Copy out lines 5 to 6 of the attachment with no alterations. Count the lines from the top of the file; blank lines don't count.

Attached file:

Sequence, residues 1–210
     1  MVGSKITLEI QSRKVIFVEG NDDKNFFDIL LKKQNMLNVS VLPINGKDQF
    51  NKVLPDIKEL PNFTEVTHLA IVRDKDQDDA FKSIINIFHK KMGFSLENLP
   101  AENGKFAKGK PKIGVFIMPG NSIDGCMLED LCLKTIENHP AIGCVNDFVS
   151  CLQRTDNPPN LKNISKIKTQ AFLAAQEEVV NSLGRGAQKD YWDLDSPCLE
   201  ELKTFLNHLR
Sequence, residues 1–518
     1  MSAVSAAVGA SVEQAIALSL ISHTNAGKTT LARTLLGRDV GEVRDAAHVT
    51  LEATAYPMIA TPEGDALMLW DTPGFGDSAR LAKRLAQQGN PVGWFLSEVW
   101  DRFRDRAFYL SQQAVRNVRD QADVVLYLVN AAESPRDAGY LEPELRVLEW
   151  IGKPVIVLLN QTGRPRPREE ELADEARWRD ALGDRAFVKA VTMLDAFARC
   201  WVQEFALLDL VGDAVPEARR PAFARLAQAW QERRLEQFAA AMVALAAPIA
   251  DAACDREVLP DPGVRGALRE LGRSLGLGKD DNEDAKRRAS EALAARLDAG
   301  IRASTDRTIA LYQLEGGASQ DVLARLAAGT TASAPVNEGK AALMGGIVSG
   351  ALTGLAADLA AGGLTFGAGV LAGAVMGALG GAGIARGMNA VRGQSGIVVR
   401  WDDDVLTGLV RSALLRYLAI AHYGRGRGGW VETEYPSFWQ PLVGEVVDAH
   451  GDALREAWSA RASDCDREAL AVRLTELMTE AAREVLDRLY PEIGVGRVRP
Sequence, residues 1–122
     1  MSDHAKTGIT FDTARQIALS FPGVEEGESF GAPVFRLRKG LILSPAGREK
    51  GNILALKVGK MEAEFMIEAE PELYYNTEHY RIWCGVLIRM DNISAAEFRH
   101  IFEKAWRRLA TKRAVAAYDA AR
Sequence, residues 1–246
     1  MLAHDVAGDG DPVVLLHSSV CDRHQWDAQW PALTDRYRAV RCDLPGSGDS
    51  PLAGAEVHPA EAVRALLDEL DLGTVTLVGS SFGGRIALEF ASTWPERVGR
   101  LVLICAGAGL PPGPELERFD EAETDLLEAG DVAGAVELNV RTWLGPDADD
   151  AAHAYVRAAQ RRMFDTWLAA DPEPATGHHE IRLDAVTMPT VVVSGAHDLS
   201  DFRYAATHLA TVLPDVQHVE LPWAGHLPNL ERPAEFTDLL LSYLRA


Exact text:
   151  CLQRTDNPPN LKNISKIKTQ AFLAAQEEVV NSLGRGAQKD YWDLDSPCLE
   201  ELKTFLNHLR